• Who can you text to get your mind off your feelings
• Is there a friend you can meet for coffee or lunch?

At this phase, you are looking for friends or places to distract you from your suicidal thoughts. If distraction isn’t enough and you need to find a safe person, go to the next step.

Name the people you can call in a crisis. Make a list of friends, family members, or spiritual leaders who you feel safe talking to when your suicidal thoughts are intense, and you don’t believe you can cope on your own.

Include contact info for your people in the safety plan, so you don’t have to search for phone numbers next time a suicidal crisis strikes.

• Who in your family can you talk to in a crisis? Parents? Siblings? Others?
• Which friends can you trust to be safe for you if you need to talk at a crisis moment?
• Who else can you call? Is there a leader at your church that you trust?

Remember that if your contacts don’t pick up right away, they still care about you.

If you aren’t able to reach anyone, or if you talk with someone and need more support, move on to part five.

List mental health providers and crisis phone numbers. In addition to family and friends, you’ll want to make a list of mental health professionals, hospitals, and your therapist, with their contact information.

Note the hours when businesses are open. Also, include 24-hour crisis hotlines so that you have someone to talk with at any hour. In the moment, you’ll want these numbers easy to find.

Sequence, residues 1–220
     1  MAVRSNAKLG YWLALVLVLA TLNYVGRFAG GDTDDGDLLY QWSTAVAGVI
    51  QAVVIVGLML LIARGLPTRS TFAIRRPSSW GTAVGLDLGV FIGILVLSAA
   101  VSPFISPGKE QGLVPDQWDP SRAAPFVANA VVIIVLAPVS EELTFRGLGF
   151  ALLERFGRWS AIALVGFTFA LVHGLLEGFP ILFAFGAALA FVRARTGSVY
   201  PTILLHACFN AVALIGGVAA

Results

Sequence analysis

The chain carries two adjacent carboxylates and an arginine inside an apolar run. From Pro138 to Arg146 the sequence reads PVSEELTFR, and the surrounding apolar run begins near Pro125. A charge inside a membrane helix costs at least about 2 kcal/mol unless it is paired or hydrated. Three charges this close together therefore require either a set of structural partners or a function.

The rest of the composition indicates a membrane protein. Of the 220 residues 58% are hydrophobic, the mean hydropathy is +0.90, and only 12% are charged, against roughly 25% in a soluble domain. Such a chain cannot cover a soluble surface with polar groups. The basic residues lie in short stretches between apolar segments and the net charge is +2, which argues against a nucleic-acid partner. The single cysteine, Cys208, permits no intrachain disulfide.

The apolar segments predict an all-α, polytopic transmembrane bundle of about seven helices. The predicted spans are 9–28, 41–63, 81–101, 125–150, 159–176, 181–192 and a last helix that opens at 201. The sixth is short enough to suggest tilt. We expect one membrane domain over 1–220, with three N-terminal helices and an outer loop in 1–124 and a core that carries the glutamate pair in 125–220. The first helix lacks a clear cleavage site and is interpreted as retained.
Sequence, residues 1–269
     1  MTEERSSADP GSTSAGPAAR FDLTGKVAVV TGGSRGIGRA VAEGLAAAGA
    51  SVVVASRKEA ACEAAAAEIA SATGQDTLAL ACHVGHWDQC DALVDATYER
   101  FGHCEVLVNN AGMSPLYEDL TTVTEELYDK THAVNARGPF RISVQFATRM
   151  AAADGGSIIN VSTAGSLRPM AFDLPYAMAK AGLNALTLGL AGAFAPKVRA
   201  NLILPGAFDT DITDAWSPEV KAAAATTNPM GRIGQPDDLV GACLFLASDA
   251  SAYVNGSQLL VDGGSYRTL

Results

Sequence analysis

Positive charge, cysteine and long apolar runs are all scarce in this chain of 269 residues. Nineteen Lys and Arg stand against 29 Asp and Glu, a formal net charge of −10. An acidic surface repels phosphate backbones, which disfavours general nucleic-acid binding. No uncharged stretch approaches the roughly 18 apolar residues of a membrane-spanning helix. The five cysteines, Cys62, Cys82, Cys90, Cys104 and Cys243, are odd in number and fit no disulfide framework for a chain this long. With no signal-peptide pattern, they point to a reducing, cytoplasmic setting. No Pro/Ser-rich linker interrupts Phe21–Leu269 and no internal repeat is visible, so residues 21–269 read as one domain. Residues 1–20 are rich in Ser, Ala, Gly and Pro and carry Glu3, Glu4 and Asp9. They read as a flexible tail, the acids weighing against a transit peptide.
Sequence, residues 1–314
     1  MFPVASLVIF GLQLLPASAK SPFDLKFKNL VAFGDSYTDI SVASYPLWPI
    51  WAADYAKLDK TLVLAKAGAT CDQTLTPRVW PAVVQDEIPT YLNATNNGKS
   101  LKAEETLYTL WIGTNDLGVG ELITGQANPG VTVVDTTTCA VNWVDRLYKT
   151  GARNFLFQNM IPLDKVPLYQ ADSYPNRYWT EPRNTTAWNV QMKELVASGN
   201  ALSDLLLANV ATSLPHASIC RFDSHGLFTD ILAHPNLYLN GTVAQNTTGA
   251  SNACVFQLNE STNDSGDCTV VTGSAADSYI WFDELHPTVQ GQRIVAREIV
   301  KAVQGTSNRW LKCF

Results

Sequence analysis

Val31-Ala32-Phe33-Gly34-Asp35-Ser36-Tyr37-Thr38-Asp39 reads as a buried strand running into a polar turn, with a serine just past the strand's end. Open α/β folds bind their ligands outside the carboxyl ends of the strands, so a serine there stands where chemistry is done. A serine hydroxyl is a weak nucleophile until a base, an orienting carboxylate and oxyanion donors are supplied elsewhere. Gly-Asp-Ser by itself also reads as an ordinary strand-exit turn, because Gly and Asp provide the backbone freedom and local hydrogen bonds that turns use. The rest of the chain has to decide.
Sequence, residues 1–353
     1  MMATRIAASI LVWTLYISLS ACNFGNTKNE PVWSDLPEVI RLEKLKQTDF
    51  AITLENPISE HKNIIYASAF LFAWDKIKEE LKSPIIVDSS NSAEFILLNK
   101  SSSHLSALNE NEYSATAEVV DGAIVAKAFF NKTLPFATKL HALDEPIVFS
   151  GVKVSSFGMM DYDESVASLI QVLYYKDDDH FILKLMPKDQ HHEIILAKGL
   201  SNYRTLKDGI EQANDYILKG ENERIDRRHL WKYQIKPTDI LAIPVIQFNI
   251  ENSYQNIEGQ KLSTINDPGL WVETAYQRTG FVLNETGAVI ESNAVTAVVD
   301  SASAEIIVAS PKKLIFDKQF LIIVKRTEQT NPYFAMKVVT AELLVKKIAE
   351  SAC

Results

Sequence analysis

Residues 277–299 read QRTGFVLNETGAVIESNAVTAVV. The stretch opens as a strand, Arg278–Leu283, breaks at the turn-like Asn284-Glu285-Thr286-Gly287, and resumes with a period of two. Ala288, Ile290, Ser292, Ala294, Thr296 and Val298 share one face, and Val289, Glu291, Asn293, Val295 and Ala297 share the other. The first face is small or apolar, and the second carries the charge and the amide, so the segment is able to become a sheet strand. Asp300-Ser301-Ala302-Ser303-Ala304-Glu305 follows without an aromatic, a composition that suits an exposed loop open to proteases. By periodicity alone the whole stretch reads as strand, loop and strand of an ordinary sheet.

• What’s your therapists’ work phone? What times can you call?
• What is the closest hospital to you? What are its hours?

Make your environment safe. Ask yourself: Which items around your house would you use if you tried to end your life? Or, if you have tried to kill your- self in the past, what did you use? Make sure
all of these items, along with any accessible firearms, are safely locked away with someone other than you guarding the key.

Don’t wait to experience further suicidal thoughts to imp- lement your safe-environment plan. Get those dangerous items out of your reach as soon as possible.

• Do you have any guns around the house? Give them to a friend, if local laws allow, or lock them up safely and have someone else take charge of the keys. Do the same with knives, rope, and anything you might be tempted to use as a weapon when suicidal thoughts attack.
• Do you take medication that could be dangerous in more substantial doses? If so, can a family member keep the bottle locked away and set out your daily doses for you?